Are we really ‘suffering with mental health’?


​So, let’s talk about one of my biggest pet peeves – when people use the words ‘suffering with mental health’. It isn’t usually done with any kind of damaging intent but I can’t help feeling that it is damaging.


When I hear people say ‘I suffer with mental health’ it bugs me. I understand what they’re trying to say but what about saying ‘I have a mental health problem/a mental health difficulty/a mental illness’?

After all, we don’t say ‘I’m suffering with physical health’. We say something like ‘My physical health is poor right now/I’m in poor shape physically/I have *insert physical ailment here*’

And that makes much more sense, right?

Here’s why this annoys me so much: by saying ‘I suffer with mental health’, we’re giving mental health negative connotations when that shouldn’t be the case. We’re perpetuating the idea that mental health is something to be frowned upon, ashamed of, suffered with. Mental health is not something that is inherently bad or good, it simply is. We all have physical health and we do things to take care of it – go for check ups, eat well, exercise. We all have mental health, shouldn’t we treat it in the same way? The reality is that the majority of us don’t, we ignore it until there is a crisis.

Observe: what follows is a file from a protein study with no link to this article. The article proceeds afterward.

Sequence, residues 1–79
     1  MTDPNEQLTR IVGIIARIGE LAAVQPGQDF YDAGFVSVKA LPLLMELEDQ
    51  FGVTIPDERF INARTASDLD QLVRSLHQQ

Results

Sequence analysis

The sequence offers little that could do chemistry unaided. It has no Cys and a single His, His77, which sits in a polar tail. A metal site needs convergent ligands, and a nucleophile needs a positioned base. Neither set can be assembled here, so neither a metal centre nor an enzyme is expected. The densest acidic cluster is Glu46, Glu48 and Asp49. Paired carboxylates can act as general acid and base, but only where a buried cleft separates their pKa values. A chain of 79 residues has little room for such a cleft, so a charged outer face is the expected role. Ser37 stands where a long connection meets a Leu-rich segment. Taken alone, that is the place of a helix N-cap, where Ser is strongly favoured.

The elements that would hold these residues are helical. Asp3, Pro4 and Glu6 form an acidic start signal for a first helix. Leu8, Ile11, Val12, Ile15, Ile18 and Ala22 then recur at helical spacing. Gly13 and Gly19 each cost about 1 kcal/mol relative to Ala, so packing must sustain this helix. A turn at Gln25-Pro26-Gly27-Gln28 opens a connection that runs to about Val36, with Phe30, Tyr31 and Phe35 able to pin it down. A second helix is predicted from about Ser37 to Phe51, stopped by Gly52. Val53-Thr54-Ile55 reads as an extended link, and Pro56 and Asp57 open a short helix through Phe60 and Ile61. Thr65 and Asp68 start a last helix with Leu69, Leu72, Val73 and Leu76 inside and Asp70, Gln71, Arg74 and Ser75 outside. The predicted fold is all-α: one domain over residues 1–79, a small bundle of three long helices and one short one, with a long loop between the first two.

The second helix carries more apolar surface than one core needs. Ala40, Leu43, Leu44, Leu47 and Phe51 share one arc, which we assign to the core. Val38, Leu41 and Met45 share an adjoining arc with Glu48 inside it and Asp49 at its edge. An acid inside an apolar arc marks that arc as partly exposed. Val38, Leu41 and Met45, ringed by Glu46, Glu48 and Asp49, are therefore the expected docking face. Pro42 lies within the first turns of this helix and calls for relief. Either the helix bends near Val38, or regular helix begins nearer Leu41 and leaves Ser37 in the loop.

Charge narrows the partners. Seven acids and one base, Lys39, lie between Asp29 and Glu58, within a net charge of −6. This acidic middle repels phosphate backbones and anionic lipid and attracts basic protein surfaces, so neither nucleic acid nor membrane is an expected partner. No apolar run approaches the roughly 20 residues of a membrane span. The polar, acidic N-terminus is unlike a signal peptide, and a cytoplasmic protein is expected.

But what if we didn’t do that? What if we treat our mental health the same way we treat our physical health? What if we acknowledge that it’s always there and we realise that we need to be proactive in caring for it. You don’t have to have a diagnosed mental illness to care for your mind. It should be a given, it should be the norm.

Maybe if we had a shift in attitude towards our mental health we would then treat mental illness and crisis differently? Maybe if we treated mental health like physical health we would view a person with depression/anxiety/bipolar/etc in the same way we view a person with cancer/epilepsy/heart disease – with empathy and compassion, not fear, judgement and mistrust.

Maybe if we spoke about mental health in the same way we do our physical health there would be less stigma around saying that our mental health isn’t so great or that we do have a mental illness?

What are your thoughts? Do you look after your mental health in the same way as your physical health? If you don’t, why not?

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